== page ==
The Kingdom of Tavolara was a small independent state existing in the 19th and 20th centuries in Tavolara island, off the northeast coast of Sardinia. Ruled by the Bertoleoni family, it was one of the smallest kingdoms in the world. It is now de facto part of Italy, although it was never formally annexed. In 1836, King Charles Albert of Sardinia visited the island and acknowledged Giuseppe Bertoleoni as an independent sovereign monarch.
The Free Territory of Trieste was to be a city-state situated in Central Europe between northern Italy and Yugoslavia, created by the United Nations Security Council and provisionally administered by an appointed military governor commanding the peacekeeping forces stationed there. The Free Territory was decided on 15 September 1947 by a protocol of the Italian Peace Treaty in order to accommodate an ethnically and culturally mixed population in a neutral independent country.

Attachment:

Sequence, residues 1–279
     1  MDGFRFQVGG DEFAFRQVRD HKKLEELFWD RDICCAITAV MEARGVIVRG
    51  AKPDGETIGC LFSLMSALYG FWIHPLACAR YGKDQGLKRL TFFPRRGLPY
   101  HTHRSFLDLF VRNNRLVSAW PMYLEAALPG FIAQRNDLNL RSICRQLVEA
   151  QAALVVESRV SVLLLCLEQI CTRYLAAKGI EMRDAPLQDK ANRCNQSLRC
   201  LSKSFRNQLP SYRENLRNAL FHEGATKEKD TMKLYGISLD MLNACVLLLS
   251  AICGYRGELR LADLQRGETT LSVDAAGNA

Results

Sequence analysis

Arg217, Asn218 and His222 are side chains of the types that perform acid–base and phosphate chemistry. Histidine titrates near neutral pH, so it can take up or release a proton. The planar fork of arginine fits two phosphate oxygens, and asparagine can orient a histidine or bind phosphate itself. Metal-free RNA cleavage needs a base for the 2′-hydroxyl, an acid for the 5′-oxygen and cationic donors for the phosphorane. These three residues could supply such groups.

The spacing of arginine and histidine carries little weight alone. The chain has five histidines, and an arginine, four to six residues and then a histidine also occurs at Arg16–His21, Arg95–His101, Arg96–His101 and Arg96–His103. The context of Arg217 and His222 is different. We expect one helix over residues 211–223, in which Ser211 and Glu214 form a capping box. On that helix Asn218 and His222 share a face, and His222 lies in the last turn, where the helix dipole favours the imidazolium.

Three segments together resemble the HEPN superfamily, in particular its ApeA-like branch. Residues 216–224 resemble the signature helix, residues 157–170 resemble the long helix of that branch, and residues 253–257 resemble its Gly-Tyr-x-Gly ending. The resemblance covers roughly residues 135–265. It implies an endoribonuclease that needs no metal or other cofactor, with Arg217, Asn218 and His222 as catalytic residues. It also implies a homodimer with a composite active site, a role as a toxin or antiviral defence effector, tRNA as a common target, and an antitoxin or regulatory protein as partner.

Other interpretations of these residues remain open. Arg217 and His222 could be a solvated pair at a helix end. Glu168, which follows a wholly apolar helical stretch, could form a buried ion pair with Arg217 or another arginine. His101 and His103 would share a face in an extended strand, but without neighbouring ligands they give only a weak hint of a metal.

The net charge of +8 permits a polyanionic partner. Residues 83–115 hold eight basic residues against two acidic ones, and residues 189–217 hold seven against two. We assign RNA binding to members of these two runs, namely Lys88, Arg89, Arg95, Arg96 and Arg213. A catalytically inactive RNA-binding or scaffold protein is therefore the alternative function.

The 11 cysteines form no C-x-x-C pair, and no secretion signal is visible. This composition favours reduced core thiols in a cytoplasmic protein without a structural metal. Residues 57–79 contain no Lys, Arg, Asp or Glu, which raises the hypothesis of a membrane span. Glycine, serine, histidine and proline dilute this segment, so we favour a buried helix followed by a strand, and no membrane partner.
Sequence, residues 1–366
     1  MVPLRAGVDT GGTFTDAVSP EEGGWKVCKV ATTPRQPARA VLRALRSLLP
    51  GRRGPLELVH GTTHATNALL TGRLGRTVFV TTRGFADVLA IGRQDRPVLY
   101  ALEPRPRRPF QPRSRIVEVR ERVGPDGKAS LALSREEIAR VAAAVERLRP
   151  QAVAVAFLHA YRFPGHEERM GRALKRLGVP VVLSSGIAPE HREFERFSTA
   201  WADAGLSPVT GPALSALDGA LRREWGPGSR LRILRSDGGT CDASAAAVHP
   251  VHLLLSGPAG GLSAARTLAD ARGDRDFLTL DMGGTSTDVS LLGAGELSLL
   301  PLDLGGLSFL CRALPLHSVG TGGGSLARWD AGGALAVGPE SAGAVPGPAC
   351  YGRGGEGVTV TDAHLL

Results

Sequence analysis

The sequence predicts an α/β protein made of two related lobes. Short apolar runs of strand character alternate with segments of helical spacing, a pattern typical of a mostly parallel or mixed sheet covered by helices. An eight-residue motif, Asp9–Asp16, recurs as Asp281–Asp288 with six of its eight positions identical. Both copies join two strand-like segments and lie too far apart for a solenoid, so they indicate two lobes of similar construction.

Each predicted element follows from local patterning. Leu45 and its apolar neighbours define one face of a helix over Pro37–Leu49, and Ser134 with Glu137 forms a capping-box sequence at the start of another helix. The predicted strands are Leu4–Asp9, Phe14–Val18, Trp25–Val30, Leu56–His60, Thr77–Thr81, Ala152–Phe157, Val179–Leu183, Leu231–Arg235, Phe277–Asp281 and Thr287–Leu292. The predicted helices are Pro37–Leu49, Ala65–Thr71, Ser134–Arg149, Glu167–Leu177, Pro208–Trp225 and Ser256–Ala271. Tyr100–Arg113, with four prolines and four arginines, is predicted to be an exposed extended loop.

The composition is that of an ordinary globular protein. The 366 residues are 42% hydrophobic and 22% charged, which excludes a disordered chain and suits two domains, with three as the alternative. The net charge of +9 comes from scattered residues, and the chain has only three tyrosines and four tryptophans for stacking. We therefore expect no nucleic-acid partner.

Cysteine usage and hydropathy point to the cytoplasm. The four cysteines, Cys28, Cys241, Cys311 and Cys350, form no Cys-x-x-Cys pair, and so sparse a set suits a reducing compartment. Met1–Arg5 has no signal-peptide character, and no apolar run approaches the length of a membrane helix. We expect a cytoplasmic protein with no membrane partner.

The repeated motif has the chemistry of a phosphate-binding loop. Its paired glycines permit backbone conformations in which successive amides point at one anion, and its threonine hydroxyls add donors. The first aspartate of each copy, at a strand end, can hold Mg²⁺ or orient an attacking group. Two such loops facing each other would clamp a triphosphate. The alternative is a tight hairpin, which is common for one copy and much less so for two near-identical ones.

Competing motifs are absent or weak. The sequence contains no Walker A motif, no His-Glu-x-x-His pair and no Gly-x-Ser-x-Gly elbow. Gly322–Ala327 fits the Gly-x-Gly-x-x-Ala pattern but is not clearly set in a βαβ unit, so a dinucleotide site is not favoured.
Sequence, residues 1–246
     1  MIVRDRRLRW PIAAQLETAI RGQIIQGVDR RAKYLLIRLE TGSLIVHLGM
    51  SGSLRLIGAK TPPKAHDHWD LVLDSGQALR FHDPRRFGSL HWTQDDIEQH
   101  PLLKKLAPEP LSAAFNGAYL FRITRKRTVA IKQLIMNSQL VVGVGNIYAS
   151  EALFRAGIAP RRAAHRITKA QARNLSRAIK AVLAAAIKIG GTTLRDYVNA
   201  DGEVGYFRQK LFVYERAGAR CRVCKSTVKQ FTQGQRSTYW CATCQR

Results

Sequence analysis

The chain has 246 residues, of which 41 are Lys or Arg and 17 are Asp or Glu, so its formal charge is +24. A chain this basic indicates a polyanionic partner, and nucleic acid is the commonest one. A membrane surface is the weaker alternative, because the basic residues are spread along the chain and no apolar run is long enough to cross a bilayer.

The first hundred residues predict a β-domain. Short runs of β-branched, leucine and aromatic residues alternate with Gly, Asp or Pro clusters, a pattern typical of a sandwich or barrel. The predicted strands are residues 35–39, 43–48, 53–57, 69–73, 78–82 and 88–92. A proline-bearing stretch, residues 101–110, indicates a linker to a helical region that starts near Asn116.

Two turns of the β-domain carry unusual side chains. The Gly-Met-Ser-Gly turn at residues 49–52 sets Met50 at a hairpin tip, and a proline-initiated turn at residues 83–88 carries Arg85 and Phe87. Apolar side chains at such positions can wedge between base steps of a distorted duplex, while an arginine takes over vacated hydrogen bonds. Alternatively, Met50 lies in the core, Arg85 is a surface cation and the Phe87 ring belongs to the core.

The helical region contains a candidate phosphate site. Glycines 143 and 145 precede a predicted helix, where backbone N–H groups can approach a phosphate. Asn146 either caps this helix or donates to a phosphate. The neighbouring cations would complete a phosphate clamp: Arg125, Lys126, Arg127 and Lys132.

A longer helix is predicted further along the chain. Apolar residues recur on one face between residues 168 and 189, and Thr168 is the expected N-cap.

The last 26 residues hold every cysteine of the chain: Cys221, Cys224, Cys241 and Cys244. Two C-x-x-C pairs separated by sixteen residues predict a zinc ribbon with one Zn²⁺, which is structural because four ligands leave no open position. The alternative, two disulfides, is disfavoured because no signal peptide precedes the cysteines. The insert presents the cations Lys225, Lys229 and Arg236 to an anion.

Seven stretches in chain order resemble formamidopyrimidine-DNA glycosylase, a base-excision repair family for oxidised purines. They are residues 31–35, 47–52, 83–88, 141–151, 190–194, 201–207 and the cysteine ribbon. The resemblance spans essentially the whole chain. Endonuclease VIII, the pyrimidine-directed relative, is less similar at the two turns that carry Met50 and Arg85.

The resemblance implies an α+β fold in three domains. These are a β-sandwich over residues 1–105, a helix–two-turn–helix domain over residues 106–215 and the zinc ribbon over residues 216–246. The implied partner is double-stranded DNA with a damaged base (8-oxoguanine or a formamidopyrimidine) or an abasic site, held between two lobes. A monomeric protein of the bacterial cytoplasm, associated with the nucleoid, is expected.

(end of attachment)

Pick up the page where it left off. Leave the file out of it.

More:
The Italian Social Republic was a puppet state of Nazi Germany led by the "Duce of the Nation" and "Minister of Foreign Affairs" Benito Mussolini and his Republican Fascist Party. The RSI exercised official sovereignty in northern Italy but was largely dependent on the Wehrmacht (German military) to maintain control.
The Roman Republic was a state declared on on February 9, 1849, when the government of Papal States was temporarily substituted by a republican government due by the pope's flight to Gaeta. The republic was led by Carlo Armellini, Giuseppe Mazzini and Aurelio Saffi. Together they formed a triumvirate, a reflection of a form of government seen in the ancient Roman Republic.